Medium-sized dogs are great for families or active individuals who enjoy lengthy outdoor trips and active pursuits. Most were bred as working dogs who assisted in herding, hunting, and guarding property. They tend to be very active and robust, so they’re a good choice if you have children. Many medium breeds were bred to do a job, so they’re often intelligent and easy to train. They make excellent dogs for first-time owners. Medium-sized dogs can be further broken down into medium-small, medium, and medium-large dogs, as their sizes and weights vary. The medium dog breeds are the largest category, and as it comprises so many different breeds and sizes, it’s essential to take temperament, energy levels, and grooming needs into account when choosing a medium breed dog to join your family. Some might be quite laid back and don’t need a lot of space or exercise, while others can be more hyperactive and need extensive exercise and mental stimulation to keep them from becoming unmanageable. It’s important to do extensive research if you are considering adopting a medium-sized dog. They’re great for participating in canine sports, which will give them all the stimulation they need to be the best dogs they can be.

Pros of owning a medium breed dog

• They are a manageable size, and some temperaments are suited to apartment living.

• They have higher energy levels and are ideal for long walks or canine sports.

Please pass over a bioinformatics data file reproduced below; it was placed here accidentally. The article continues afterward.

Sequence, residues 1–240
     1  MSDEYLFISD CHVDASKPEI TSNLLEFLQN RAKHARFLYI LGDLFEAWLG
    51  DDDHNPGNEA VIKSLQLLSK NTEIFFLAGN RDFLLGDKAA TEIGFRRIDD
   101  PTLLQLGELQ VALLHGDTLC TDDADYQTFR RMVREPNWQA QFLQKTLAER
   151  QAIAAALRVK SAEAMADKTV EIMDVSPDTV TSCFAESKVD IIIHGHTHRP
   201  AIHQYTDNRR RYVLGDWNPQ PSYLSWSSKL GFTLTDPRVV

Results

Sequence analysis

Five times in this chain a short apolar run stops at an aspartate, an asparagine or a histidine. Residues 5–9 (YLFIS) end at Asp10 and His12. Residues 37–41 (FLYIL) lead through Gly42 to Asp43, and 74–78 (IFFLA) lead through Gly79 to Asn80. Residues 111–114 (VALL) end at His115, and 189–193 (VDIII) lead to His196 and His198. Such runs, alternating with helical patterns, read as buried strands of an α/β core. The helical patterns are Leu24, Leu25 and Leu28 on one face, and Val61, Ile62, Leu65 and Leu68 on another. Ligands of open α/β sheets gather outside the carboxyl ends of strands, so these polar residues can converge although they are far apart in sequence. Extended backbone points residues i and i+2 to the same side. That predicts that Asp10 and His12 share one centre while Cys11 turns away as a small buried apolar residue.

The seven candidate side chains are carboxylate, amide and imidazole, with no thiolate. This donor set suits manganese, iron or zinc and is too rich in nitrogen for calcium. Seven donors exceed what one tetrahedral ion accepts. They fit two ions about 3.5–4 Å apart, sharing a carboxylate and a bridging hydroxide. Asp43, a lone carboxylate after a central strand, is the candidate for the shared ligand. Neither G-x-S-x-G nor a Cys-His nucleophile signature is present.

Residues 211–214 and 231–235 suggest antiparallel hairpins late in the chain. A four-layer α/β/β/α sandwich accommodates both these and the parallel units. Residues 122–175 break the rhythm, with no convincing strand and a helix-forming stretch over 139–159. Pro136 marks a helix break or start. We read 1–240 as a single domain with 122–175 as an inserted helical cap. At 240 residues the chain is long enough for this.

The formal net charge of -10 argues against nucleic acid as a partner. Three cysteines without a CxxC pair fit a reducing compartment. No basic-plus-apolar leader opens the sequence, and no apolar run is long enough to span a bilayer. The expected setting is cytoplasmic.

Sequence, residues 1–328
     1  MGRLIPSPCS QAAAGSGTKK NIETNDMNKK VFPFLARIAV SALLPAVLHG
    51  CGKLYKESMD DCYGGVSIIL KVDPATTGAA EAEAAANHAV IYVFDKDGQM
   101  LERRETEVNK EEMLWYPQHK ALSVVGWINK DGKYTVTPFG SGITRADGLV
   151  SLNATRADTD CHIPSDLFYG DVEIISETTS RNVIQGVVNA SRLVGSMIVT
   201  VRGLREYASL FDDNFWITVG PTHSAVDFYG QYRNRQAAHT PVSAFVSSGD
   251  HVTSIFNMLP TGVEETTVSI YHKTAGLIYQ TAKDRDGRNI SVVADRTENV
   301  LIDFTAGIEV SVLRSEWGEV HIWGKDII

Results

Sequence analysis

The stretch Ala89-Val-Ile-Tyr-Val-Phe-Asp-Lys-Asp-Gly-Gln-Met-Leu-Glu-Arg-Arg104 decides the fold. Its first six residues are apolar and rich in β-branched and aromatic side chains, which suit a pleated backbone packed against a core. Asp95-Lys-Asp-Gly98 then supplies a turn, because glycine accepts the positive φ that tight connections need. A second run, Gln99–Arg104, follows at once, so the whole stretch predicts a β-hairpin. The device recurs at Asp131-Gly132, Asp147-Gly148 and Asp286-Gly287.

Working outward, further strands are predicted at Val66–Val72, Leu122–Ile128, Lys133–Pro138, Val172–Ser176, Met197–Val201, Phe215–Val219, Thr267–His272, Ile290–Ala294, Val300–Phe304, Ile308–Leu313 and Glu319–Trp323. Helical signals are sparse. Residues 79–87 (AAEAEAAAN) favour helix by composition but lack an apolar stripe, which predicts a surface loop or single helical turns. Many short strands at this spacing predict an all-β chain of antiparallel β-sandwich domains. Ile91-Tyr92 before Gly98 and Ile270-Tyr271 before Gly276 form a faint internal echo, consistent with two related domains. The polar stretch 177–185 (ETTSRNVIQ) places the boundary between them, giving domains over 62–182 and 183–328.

• In general, they’re intelligent and easy to train.

• They’re more robust and won’t get hurt as easily.

• They have a fairly long lifespan, between 10 and 12 years.

Cons of owning a medium breed

• Higher food costs than small breed dogs—sometimes up to three times more.

• More challenging to transport and take to different places.

• They require more exercise and mental stimulation; this also means a larger area to live in.

• When adopting a medium-sized mixed breed dog, it is often difficult to determine what the dog’s requirements will be.

• When going on holiday, you might require a dog sitter as larger dogs are often not welcome in hotels and guest houses.

• Toys, beds, and apparel are naturally more expensive.

Common medium breed dogs

• Beagle

• Labrador Retriever

• Australian Shepard

• Cocker Spaniel

• Border Collie

• Basset Hound

• Staffordshire Bull Terrier

• French Bulldog

• Boston Terrier

Final thoughts

Regardless of their size and breed characteristics, every dog is an individual. They all require proper training and socialisation to ensure they maintain an even, steady temperament. Never assume that because a breed is classified as more docile, they won’t be pushed to their limits by rowdy children, overzealous discipline and a lack of structure in your home. With the right approach, any dog you welcome into your home will be a loyal and faithful friend and a pleasure to be around.

Check out our next issue for the low down on large and giant breed dogs.